Factional strife puts congress at risk
CONTROVERSY on personnel and economic issues has complicated preparations for the National People's Congress and aggravated factional strife within the Communist Party.
Chinese sources said although the broad outlines for the congress, which will be convened in late March, were set at the 14th Party Congress last October, there could be changes ''at the 11th hour''.
According to what the sources called a ''rough consensus'' at the 14th Congress, party chief Mr Jiang Zemin would be given the position of state president, succeeding Mr Yang Shangkun.
And premier Mr Li Peng would be given another term as head of the State Council.
In recent speeches, patriarch Mr Deng Xiaoping has sought to bolster the status of Mr Jiang, saying he was a ''trustworthy core'' of the collective leadership.
Many senior cadres, including the party elders, however, have expressed reservations about Mr Jiang holding too many positions.
In the past month, Mr Li has taken advantage of the need to use ''macro-level mechanisms'' to cool down the economy to reassert his authority.
According to the latest issue of the Chinese-affiliated journal The Mirror, Mr Li himself was ''not keen'' on another term as head of government.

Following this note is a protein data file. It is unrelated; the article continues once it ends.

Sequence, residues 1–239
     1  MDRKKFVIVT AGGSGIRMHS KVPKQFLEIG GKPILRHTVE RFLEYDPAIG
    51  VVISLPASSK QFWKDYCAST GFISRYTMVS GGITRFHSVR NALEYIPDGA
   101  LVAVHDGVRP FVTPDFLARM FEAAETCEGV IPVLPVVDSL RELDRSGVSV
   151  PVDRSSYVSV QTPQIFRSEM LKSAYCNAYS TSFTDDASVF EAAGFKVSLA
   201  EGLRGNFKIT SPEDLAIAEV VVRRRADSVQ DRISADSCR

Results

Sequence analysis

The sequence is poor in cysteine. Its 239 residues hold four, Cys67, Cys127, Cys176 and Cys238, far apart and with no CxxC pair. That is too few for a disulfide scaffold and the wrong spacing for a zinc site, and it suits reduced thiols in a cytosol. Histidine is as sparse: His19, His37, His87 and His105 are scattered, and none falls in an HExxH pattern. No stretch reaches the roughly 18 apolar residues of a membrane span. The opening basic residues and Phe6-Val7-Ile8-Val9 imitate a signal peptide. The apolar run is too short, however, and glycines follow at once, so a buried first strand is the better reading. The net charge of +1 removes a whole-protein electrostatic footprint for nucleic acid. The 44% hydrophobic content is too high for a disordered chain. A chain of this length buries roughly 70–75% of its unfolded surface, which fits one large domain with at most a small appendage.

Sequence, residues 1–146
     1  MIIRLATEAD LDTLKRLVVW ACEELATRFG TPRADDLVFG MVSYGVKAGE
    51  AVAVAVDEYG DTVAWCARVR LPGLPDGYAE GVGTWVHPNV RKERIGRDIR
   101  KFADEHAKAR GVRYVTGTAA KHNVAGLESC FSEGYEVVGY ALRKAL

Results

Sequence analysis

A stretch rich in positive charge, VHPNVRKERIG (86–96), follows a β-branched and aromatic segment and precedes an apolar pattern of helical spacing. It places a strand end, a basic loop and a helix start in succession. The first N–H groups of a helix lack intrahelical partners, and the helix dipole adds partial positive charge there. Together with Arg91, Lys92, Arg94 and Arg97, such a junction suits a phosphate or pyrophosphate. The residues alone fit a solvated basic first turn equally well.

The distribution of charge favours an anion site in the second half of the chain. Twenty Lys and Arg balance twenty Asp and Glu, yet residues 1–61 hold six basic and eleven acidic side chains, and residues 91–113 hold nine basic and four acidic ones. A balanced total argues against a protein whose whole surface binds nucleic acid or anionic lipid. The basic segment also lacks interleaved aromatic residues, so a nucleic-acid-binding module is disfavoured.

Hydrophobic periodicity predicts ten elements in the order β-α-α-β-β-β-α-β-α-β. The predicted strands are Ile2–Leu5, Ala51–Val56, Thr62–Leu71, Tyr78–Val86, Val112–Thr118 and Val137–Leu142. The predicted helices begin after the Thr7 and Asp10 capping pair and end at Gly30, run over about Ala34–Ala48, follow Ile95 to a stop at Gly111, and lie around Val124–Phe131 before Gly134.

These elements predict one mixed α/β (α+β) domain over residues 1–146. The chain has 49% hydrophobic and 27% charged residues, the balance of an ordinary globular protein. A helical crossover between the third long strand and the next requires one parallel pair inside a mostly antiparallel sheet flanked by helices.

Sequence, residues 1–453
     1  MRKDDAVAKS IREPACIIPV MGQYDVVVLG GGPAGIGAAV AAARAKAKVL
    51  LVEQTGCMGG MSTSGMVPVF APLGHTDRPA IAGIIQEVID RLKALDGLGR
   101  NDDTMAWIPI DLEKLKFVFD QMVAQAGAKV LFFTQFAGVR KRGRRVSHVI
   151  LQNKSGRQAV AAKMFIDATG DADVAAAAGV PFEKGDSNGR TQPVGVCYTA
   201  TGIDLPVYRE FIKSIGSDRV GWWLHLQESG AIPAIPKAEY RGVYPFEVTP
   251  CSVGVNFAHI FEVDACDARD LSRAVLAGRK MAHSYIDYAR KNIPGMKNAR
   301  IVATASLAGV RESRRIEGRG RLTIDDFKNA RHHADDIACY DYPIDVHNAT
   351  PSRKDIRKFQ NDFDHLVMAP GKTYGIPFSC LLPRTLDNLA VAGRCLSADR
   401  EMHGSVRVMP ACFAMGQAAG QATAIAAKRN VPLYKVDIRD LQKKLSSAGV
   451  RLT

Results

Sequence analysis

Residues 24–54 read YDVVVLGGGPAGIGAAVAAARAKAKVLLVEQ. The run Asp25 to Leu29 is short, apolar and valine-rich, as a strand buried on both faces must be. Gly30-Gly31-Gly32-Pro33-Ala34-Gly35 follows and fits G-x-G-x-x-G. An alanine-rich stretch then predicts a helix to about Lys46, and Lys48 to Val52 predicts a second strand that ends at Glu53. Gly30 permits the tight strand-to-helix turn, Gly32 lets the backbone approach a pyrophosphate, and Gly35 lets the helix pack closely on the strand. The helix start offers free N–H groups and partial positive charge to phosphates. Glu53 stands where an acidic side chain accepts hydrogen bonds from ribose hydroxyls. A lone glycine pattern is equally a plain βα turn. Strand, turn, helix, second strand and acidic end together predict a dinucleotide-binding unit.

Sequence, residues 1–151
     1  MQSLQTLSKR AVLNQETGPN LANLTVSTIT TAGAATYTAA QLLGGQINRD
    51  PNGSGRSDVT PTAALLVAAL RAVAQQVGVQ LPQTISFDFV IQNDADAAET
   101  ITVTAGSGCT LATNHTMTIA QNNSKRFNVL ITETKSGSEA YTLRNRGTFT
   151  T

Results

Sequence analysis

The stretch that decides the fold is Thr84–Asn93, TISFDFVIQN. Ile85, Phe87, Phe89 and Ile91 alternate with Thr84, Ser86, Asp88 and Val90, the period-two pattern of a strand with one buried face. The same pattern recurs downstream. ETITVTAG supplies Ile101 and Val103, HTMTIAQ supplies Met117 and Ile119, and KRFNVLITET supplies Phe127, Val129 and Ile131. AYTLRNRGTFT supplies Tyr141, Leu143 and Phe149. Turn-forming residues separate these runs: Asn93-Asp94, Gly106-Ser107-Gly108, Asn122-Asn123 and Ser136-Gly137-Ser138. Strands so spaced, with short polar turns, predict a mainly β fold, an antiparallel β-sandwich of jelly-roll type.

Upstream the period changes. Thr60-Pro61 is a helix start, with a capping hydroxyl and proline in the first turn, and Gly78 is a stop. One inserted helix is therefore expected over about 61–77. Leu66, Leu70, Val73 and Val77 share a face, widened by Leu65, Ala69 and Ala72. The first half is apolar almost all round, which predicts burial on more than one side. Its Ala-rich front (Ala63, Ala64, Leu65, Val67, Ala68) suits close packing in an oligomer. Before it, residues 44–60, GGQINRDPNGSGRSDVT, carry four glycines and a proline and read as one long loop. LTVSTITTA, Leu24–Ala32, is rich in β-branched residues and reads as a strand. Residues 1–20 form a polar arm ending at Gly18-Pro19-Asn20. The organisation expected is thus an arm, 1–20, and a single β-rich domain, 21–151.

''If I am allowed to continue being premier, I'll do my best,'' Mr Li reportedly said.
''If not, I won't have any [dissenting] views''.
The Mirror said there was a possibility the reformist Vice-premier, Mr Zhu Rongji, would succeed Mr Li as premier.
''Only when Zhu Rongji becomes premier can he implement his own policies'', the journal said.
''If Zhu remains Li Peng's deputy, it is possible that neither Zhu nor Li can accomplish much.'' Analysts in Beijing said one way to solve the controversy was to appoint Mr Li as state president with major responsibility for foreign affairs.
The debate on economic policy is focused on the growth rate - and on which sectors will get priority for development.
The Mirror said it was likely the congress would recommend that the GNP grow by eight per cent this year.
But economists in Beijing said yesterday in view of Mr Deng's speech in Shanghai last week, in which he urged the city ''not to let the opportunity slip'', deputies from the coastal provinces would lobby for a rate of 10 per cent or more.
An informed source said in view of the broad consensus to cool down the overheated economy, the congress would not recommend fast-paced expansion for areas including real estate, stock companies, and new development zones.
In recent speeches, Mr Deng had dwelled at length on agriculture, warning that ''if the economy were to develop any problem in the 1990s, it could well be agriculture''.
''The congress may recommend that priority be given to 'traditional areas' like agriculture, energy, communications, and the rejuvenation of state enterprises'', the source said.
''It may also warn local leaders against disobeying central edicts on controlling the pace of growth.'' In a recent speech, Mr Zhu indicated that high-speed development must be based on ''high quality, high efficiency, and an industrial structure based on exports''.